There are now some very focussed companies or funds which have come in and want to focus on investing in companies which are creating something new. This, I think, is a change. There is lot more hope now than there was earlier

We pivoted when pivoting was not even a buzzword. But having pivoted, we developed the world’s smallest and lightest autopilot and the country’s first fully autonomous UAV in 2009. You might have seen a prototype of our UAV in the movie, 3 idiots. Since then, we have been pitching our solutions. We partnered with DRDO in the interim – this made sure that the early adoption of our system was smooth in various forces. The next stage was getting into specifications, which were very close to what we were already delivering, thus helping us penetrate more and more. I think, agility towards our customers’ needs is what has made us the leader in this segment in India – currently, we enjoy 90 per cent market share.

Q: Right now, startup is a buzzword in India with lot of youngsters venturing into this segment. You started when there was no such hype? How difficult was it then for students/youngsters to start an enterprise?

A: It was a nightmare starting then. However, ever since this e-commerce hype has reduced, it has become easier for hardware companies like us to do our business, At that time, everyone wanted to invest in e-commerce venture. We had to struggle real hard; we had to literally prove that we can earn money, make profits; and that we are way ahead of other companies.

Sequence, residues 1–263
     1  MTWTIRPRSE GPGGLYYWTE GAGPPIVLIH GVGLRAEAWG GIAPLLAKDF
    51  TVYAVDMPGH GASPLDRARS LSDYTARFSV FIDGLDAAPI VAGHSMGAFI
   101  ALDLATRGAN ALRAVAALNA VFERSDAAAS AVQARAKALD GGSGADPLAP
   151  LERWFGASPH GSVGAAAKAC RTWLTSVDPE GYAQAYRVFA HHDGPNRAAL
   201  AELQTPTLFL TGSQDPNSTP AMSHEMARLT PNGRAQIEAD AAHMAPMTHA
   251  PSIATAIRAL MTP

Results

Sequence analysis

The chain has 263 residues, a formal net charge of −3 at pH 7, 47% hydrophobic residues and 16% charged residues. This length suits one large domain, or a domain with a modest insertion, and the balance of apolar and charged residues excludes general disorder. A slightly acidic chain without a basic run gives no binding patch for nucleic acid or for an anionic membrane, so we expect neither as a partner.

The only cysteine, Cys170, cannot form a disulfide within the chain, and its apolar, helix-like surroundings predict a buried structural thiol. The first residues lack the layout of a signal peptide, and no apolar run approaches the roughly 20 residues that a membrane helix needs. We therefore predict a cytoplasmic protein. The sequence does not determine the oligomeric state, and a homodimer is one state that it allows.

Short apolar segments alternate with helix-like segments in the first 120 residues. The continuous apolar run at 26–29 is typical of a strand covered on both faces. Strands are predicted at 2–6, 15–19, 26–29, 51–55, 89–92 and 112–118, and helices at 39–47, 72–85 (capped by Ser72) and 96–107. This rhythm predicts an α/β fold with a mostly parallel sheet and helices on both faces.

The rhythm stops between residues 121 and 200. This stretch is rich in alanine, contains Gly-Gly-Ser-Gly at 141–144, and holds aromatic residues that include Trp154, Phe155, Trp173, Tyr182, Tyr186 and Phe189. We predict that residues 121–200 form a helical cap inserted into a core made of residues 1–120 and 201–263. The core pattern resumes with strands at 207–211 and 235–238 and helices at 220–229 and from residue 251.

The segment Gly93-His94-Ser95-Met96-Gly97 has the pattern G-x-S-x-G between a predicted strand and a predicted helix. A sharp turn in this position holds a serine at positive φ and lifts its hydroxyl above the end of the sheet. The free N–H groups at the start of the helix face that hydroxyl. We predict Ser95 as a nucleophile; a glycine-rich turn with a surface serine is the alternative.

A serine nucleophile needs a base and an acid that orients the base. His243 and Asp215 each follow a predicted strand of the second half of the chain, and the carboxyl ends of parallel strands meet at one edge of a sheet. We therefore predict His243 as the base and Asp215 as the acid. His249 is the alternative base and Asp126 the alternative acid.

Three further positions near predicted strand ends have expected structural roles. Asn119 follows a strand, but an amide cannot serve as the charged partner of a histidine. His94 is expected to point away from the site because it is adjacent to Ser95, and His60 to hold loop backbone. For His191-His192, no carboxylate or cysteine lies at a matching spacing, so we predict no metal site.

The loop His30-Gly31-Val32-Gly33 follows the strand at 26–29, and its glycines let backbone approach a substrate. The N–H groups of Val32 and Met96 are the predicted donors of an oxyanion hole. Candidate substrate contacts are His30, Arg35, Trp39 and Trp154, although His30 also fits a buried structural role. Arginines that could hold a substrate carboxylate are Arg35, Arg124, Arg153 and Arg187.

Q: With focus now on startups in India, what do you think has changed over time?

A: People have now become more appreciative. But what eventually matters is not accolades but delivery on the ground. And people are still not willing to put enough money behind hardware companies, easily. That’s a fact. Indians are still hesitant to do that. However, there are now some very focussed companies or funds which have come in and want to focus on investing in companies which are creating something new. This, I think, is a change. It is a tough market. But a lot of new age people are coming in; there is lot more hope now than there was earlier.

We need to understand that hardware is not created overnight. It takes time, a lot of effort, several failed experiments. It is very important to have patience​

Q: What advice would you like to give to today’s students?

A: It is very useful to find a team. If a team comprises a bunch of friends, then you don’t need any other network. It is good, just crazy. The amount of comfort that it will give you over a period of time, will help you to stay together. The fundamentals have to be right as well. Another thing is always look at long-term gains because whenever you focus on short-term gains, you ruin things. The moment you start thinking short term, everybody starts thinking the same way. And if you have long-term focus, others would follow too, and that really makes a lot of difference to what you can achieve.

We need to understand that a lot of these things, esp., hardware is not created overnight. It takes time, a lot of effort, several failed experiments. You have to go through an entire cycle before you can arrive at something which is reasonable. It is very important to have patience. Give it time. Not everything can be built by employing more people to do a task. That’s why geniuses exist, that’s why talent exists. So bet on yourself. Take difficult challenges. Have the staying power with the right backup.